In his Daily Bible Study series, William Barclay tells a compelling story about an evangelist named Brownlow North. Apparently, in his younger days, he had lived a wild life.
“Once, just before he was to enter the pulpit in a church in Aberdeen, he received a letter. This letter informed him that its writer had evidence of some disgraceful thing which Brownlow North had done before he became a Christian, and it went on to say that the writer proposed to interrupt the service and to tell the whole congregation of that sin if he preached.”
“Brownlow North took the letter into the pulpit; he read it to the congregation; he told of the thing that once he had done; and then he told them that Christ had changed him and that Christ could do the same for them. He used the very evidence of his shame to turn it to the glory of Christ.”
Christ can change men and women from a wicked life to a righteous life. From an immoral to a godly life. From a life of ruin to a life of righteousness.
Acts 26 records such a conversion story by the apostle Paul.
Paul’s past Life.
Known previously as Saul of Tarsus, he was a persecutor of Christians. He consented to the death of the first Christian martyr, Stephen, who was stoned to death. He harassed Christians. Threatened them. Put them in prison. And “tried to force them to blaspheme.” He said, “I was convinced that I ought to do many things in opposing the name of Jesus of Nazareth.
However, the life of Saul was about to make a dramatic turn.
His Conversion Story
For the third time in Acts we read about Saul’s conversion. On the road to Damascus, as he was on the way to persecute more Christians, he had an encounter with Christ. It can be summed up in these three statements.
“I saw a light.” Saul was an educated man. Enlightened. Respected. And zealous in the Jewish religion. But the supernatural light from heaven that revealed the glory of God, blinded Saul for 3 days, got his attention. In the darkness of his blinded eyes, his spiritual eyes were opened.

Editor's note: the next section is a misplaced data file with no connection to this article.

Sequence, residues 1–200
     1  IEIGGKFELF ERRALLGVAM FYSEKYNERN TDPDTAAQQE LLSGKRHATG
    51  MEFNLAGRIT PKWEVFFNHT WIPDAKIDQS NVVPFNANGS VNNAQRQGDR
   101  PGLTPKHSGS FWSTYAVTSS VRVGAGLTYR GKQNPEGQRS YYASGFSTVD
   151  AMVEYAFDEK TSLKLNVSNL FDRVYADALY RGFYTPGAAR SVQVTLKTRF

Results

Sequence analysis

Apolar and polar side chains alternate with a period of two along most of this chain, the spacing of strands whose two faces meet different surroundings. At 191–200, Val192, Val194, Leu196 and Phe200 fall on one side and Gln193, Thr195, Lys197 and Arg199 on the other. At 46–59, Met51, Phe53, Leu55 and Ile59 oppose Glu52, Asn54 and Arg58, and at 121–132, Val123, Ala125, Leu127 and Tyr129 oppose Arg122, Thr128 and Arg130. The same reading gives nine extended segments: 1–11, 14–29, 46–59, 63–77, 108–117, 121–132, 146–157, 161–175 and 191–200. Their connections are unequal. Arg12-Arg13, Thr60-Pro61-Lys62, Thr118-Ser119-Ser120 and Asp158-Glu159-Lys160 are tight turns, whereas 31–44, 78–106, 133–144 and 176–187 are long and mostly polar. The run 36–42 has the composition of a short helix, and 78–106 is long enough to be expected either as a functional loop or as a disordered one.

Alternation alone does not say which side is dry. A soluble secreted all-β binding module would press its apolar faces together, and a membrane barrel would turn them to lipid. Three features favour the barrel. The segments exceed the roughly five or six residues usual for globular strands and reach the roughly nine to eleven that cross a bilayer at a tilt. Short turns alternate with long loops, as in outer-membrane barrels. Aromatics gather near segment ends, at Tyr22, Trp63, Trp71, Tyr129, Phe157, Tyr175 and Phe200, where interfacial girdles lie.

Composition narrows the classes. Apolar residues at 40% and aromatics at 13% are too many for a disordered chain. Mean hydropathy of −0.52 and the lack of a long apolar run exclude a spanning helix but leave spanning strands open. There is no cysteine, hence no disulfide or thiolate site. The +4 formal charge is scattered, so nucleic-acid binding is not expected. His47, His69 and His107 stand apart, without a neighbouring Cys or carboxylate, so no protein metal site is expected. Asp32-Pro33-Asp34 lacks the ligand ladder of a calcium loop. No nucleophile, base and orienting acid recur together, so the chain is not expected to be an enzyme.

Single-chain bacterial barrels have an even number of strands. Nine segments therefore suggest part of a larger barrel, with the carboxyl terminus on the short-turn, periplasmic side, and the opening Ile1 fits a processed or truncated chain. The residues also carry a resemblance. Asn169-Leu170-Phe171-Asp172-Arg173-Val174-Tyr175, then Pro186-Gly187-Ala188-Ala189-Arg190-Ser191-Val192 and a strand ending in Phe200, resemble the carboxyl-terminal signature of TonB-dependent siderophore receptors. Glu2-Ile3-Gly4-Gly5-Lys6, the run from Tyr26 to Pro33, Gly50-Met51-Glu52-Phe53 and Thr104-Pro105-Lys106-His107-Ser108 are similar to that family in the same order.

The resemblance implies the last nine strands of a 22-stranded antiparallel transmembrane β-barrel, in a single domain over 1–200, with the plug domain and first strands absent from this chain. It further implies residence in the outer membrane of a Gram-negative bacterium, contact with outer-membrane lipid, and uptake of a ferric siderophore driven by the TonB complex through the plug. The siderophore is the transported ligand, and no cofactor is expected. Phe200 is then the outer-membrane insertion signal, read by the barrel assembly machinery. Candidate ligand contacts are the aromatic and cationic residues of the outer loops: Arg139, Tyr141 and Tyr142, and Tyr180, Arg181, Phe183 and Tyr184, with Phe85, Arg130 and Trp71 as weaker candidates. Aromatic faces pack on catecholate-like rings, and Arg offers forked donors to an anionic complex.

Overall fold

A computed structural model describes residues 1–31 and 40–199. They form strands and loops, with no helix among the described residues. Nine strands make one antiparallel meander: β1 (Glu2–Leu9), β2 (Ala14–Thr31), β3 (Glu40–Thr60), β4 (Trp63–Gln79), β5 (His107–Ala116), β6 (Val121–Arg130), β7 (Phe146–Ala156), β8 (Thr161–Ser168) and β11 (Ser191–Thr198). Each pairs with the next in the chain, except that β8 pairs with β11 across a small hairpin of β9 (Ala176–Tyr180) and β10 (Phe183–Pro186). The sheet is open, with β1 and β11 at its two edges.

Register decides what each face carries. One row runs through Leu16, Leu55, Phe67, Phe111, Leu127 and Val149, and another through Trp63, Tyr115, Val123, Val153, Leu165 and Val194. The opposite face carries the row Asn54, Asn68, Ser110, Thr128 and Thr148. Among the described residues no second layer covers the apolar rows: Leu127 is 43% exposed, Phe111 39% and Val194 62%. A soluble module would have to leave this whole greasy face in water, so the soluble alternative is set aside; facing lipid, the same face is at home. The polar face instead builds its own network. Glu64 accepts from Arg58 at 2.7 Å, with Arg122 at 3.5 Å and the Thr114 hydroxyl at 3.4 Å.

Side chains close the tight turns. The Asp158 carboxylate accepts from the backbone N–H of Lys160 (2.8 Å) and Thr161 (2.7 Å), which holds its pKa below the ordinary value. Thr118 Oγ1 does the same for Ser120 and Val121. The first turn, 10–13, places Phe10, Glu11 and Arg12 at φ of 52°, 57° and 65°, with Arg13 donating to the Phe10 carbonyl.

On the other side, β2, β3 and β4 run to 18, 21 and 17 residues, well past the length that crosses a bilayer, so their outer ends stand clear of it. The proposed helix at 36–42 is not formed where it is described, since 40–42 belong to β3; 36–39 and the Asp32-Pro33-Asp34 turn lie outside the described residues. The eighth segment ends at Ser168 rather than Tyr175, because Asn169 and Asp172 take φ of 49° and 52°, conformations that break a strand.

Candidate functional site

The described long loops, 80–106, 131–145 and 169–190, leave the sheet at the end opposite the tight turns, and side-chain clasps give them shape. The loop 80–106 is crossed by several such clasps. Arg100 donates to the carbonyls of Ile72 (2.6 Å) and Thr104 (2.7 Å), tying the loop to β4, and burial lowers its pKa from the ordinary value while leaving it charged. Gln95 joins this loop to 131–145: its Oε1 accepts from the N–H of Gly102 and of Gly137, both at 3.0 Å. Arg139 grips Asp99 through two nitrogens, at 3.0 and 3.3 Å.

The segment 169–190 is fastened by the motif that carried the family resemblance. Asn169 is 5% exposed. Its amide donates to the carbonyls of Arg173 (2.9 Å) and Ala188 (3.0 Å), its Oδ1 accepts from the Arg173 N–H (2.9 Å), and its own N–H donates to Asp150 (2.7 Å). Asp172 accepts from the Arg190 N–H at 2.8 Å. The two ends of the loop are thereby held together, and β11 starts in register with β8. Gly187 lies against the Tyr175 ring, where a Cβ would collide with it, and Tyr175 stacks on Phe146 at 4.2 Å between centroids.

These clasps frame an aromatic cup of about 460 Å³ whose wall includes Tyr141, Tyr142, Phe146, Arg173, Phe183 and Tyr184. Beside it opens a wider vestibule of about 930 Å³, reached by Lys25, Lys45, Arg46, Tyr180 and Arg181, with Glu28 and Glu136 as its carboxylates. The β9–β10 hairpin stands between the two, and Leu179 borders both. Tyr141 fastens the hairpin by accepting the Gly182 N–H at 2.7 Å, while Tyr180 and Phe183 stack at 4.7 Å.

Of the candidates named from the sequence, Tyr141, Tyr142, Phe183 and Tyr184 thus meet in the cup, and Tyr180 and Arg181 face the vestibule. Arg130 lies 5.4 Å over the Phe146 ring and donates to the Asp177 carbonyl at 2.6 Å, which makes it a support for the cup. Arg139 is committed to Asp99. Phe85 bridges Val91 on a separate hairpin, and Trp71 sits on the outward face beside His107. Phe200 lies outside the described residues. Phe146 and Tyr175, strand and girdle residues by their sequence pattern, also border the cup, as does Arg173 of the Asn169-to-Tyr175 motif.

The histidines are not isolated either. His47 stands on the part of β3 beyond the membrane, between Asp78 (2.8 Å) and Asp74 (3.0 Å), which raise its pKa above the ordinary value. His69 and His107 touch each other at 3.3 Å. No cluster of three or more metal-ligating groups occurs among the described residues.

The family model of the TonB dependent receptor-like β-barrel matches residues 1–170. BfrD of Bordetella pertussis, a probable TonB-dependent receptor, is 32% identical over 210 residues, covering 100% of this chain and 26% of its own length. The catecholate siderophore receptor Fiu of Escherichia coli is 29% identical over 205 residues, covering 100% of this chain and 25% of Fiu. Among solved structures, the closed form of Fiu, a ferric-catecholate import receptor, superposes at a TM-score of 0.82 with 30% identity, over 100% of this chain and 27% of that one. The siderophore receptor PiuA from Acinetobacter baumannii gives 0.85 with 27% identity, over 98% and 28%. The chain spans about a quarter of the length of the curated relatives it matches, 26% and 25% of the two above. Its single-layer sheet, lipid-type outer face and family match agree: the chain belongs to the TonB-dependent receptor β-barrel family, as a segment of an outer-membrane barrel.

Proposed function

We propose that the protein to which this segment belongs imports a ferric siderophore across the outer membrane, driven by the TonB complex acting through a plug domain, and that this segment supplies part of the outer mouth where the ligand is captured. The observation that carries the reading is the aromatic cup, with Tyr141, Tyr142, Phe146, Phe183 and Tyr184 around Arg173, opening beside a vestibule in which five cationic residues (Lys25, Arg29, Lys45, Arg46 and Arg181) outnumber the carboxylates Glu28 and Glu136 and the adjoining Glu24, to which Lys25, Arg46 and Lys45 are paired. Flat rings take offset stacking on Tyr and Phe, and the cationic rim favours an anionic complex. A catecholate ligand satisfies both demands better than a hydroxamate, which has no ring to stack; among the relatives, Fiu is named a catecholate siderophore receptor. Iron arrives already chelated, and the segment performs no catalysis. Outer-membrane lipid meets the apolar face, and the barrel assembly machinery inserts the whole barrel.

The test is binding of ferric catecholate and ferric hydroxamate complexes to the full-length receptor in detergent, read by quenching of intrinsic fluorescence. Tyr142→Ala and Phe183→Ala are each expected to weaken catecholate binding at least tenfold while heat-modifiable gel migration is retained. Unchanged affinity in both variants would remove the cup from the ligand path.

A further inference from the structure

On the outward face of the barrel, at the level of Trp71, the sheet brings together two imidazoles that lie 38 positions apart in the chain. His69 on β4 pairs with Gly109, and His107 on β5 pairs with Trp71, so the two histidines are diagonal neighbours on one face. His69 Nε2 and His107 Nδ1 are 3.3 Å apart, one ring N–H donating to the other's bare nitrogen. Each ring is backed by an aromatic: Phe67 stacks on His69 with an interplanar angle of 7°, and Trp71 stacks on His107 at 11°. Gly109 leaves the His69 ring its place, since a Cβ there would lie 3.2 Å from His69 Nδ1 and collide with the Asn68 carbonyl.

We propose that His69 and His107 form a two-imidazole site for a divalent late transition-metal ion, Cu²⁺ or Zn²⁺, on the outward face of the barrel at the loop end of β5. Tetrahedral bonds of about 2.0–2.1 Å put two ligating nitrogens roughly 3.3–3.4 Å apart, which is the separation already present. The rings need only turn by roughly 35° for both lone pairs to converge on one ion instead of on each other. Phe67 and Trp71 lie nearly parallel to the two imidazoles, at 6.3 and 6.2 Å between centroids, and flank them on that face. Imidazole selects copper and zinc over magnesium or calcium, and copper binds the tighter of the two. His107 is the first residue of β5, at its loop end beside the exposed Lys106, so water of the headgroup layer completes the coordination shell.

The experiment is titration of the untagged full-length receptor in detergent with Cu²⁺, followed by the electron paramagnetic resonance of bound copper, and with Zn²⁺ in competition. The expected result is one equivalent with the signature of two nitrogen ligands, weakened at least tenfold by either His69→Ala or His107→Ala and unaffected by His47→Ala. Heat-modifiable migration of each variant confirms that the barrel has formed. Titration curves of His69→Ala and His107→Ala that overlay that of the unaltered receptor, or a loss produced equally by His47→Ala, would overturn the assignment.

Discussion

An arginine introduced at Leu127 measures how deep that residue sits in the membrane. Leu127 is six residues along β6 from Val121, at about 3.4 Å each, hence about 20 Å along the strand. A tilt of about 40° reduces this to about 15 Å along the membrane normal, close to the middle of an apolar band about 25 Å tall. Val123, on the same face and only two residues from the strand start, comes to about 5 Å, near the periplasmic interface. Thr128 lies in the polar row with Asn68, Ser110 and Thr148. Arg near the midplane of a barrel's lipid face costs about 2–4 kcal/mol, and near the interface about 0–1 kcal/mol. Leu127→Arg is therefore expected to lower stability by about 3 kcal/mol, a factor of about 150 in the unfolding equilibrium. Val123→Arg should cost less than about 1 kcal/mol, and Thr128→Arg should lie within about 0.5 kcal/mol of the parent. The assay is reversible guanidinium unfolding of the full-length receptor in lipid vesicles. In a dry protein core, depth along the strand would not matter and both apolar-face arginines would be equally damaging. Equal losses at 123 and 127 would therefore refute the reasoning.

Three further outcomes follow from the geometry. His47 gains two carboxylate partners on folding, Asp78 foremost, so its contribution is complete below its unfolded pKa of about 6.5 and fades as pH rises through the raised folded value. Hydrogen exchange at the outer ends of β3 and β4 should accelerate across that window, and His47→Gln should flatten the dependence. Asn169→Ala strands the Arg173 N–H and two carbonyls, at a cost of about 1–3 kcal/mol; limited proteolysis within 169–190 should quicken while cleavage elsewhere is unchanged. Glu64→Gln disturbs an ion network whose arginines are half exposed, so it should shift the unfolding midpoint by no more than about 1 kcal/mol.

“I heard a voice.” Paul’s traveling companions witnessed the light, but not the Lord. They heard a sound, but couldn’t understand the words (Ax 22:9). But Saul did. The Lord told him that his fight against Him was futile. And that the Lord wanted to use him to minister to the Gentiles. Saul suddenly learned that Jesus was alive. And that the One he had been persecuting was the Messiah.
“I was not disobedient.” Saul asked, “What shall I do, Lord?” (Ax 22:10). He was told to go into the city and there he would learn what the Lord required. God sent the preacher Ananias to proclaim the gospel to Saul, who commanded him: “And now why are you waiting? Arise and be baptized, and wash away your sins, calling on the name of the Lord.” (Ax 22:16)
Saul obeyed. And was baptized into Christ for the remission of his sins (Ax 2:38; Gal. 3:26-27).
His Present Life.
Ironically instead of persecuting Christians in Damascus, he first preached Christ there. Then proclaimed the gospel in Jerusalem, throughout Judea, and then to Gentiles on his missionary journeys.
Not only was Saul’s name changed to Paul, but his life changed from an obsessed destroyer of Christianity to an ardent disciple. His faith led him to suffer persecution, endure hardship and continue to preach Jesus.
His Story Can Be Your Story.
Regardless of the kind of life you’ve lived, you can change. Repent. Come to Christ. And be cleansed of sins. If God could forgive Saul of his sins, he can forgive you and me. And He can use us to accomplish His purpose.
No, you won’t see a bright light or hear a voice speak from heaven since the age of the miraculous gifts has ceased. But you can read about these conversion accounts, and thus hear what God wants you to do. Your spiritual eyes can be opened to His Truth. And you can obey. And continue to be faithful.
If you’re already a Christian, you too have a story. What was your past life like? What happened? How did you change? And where are you now spiritually?
Share your story. It may make a dramatic difference and lead a lost soul out of darkness and into the Light.
–Ken Weliever, The Preacherman